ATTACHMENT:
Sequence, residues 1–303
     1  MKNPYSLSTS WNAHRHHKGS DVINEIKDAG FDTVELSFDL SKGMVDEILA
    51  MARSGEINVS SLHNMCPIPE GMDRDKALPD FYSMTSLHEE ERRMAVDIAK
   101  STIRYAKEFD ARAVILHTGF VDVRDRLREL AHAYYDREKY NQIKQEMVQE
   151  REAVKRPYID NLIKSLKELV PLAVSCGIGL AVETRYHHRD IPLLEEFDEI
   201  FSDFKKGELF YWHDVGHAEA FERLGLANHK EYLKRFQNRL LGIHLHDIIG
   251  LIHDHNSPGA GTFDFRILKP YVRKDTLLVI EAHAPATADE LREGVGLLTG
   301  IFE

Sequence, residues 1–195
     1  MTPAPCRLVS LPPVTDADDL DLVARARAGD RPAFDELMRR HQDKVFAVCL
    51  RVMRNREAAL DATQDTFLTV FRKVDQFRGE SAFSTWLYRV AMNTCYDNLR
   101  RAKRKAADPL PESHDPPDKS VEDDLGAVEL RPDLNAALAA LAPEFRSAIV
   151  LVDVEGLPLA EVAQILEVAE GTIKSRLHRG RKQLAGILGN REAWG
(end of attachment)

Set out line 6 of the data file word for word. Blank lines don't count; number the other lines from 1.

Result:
   201  FSDFKKGELF YWHDVGHAEA FERLGLANHK EYLKRFQNRL LGIHLHDIIG